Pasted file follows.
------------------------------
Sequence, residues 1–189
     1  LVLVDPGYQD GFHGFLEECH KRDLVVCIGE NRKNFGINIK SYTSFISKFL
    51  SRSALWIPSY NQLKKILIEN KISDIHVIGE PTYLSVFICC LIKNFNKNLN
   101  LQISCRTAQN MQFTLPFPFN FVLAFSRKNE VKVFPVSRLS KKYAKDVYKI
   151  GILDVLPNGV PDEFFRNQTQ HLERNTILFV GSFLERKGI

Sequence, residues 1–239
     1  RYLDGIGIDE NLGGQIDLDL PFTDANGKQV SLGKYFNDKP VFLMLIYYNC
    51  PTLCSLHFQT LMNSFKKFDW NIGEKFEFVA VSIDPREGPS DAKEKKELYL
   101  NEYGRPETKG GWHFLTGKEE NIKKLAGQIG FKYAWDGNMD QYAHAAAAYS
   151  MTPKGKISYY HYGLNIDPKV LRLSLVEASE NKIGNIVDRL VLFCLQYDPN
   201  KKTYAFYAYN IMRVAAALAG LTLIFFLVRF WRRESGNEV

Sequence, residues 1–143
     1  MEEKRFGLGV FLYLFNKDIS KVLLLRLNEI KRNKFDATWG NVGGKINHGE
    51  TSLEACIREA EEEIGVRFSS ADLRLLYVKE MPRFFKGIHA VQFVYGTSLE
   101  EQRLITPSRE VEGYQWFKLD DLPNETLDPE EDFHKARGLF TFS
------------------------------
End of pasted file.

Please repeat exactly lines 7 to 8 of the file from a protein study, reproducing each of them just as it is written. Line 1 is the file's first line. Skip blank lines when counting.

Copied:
     1  RYLDGIGIDE NLGGQIDLDL PFTDANGKQV SLGKYFNDKP VFLMLIYYNC
    51  PTLCSLHFQT LMNSFKKFDW NIGEKFEFVA VSIDPREGPS DAKEKKELYL